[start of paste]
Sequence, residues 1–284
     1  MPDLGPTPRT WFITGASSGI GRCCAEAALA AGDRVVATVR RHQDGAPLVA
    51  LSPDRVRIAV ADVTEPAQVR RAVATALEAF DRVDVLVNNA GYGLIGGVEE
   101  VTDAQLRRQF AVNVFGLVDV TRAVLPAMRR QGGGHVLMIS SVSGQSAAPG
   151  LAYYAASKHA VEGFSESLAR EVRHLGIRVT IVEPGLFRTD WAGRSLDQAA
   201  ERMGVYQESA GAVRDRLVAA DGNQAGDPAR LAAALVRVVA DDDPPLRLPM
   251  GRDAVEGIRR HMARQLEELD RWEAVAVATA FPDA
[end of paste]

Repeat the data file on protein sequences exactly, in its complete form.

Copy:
Sequence, residues 1–284
     1  MPDLGPTPRT WFITGASSGI GRCCAEAALA AGDRVVATVR RHQDGAPLVA
    51  LSPDRVRIAV ADVTEPAQVR RAVATALEAF DRVDVLVNNA GYGLIGGVEE
   101  VTDAQLRRQF AVNVFGLVDV TRAVLPAMRR QGGGHVLMIS SVSGQSAAPG
   151  LAYYAASKHA VEGFSESLAR EVRHLGIRVT IVEPGLFRTD WAGRSLDQAA
   201  ERMGVYQESA GAVRDRLVAA DGNQAGDPAR LAAALVRVVA DDDPPLRLPM
   251  GRDAVEGIRR HMARQLEELD RWEAVAVATA FPDA